Seeking Eden, by Beverley Harvey, is not the sort of book I would normally read. I suspect it may fall under the genre of women’s fiction – although I consider the descriptor soap opera fiction to be more fitting, women liking a broader range of books than some seem to believe. The story centres around a middle aged married couple, Kate and Neil, who move out of London to a new build housing estate in suburban Kent. Kate is a copy-writer and Neil works in advertising. Naturally they are both beautiful people.
After the move Kate works from home, although she has plenty of time for other pursuits. Neil finds the lengthy commute to the city exhausting so takes a room in a friend’s flat, coming back to their new home for weekends. Kate is lonely without him and misses the bustle of their previous life, her old friends showing little interest now that she is less readily available. She gets a dog for company and joins a gym. Slowly she starts to make new friends.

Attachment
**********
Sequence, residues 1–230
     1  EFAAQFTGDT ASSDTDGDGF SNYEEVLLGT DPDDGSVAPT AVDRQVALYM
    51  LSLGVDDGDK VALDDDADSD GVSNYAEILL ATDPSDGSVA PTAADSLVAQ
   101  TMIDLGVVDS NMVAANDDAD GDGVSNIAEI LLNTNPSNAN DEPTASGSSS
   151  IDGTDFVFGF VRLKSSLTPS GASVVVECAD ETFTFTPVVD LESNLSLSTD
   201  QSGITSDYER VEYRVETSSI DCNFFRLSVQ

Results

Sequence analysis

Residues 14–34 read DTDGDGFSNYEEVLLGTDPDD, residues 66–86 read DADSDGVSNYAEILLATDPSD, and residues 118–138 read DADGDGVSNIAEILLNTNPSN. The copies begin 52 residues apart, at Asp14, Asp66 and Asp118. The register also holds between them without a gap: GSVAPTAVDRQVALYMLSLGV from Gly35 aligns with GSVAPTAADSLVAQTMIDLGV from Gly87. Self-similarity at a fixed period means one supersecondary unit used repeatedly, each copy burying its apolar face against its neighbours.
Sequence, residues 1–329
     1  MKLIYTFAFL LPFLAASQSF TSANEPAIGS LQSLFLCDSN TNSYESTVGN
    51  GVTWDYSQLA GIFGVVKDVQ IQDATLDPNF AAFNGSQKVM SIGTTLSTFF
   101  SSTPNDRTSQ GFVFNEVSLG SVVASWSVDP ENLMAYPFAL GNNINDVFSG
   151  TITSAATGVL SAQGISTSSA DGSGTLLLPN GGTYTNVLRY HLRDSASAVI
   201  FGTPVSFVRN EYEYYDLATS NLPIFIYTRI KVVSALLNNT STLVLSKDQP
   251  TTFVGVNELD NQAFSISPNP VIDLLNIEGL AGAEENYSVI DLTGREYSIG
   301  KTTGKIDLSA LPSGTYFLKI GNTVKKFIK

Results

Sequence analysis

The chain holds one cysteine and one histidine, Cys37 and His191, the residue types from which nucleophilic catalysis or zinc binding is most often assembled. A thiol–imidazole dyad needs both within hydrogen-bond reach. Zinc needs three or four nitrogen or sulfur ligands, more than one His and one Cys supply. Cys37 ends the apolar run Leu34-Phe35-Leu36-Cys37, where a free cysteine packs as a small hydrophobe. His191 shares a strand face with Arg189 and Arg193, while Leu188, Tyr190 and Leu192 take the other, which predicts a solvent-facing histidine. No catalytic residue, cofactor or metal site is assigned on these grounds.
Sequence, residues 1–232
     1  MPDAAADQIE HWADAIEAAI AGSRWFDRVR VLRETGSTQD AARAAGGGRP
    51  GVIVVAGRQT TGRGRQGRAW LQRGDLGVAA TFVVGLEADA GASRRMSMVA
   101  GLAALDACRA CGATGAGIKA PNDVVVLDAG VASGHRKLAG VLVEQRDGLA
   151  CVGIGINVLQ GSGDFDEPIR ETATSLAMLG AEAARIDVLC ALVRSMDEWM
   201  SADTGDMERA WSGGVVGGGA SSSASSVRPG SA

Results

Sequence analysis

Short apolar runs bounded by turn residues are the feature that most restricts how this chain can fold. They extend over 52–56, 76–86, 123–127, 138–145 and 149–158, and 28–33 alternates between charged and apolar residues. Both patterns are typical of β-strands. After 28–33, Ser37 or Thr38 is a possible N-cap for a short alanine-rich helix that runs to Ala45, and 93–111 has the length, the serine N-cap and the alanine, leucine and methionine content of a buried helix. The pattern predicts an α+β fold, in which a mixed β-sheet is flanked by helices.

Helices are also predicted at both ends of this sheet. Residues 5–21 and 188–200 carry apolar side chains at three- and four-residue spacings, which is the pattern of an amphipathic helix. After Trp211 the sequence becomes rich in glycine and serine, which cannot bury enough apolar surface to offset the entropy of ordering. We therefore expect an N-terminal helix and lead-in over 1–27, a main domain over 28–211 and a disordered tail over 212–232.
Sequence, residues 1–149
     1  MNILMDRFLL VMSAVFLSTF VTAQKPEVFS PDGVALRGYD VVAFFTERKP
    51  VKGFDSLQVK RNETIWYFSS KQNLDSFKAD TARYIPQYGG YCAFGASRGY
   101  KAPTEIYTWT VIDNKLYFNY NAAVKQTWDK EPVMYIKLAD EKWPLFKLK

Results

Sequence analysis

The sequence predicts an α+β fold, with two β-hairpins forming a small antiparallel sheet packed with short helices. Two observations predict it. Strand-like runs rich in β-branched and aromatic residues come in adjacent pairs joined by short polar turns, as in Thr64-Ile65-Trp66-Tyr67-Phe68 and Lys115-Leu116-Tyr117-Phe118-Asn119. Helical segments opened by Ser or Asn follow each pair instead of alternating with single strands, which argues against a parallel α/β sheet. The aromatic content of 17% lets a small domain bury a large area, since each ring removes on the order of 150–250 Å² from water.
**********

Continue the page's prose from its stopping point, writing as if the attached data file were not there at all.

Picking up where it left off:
Ben is a one hit musician and an old flame of Kate’s. When he gets in touch after many years, in an attempt to win her back despite her marriage, she is tempted. With Neil away during the week it is easy for her to meet up with Ben, something she comes to regret.
Kate befriends Lisa, another siren, and ex-wife of a successful footballer. Lisa is scornful when she becomes the object of a local shopkeeper’s mid-life fantasies. His wife suffers from depression and he is struggling to cope with her moods. Their daughter has recently moved out of the family home leaving it bereft.
Alongside this cast of characters are Kate’s sister and confidant, Alice, and a bevy of well groomed acquaintances. Over the course of a couple of years there are affairs, misunderstandings and a death. Jobs evolve effortlessly, although behaviours ensure personal lives do not run smooth. The action is played out against the backdrop of a quietly affluent housing estate that the cool London crowd regard with disdain – I found this particular prejudice illuminating.
The writing is polished and the plot as tangled as people have a tendency to be. Much is made of personal presentation, including of partners, regarded as desirable accessories.
For those who enjoy gossip, about acquaintances and others, this was like a catch-up with a distant friend. It is effortless entertainment, and there is nothing wrong with that.
My copy of this book was provided gratis by the publisher, Urbane.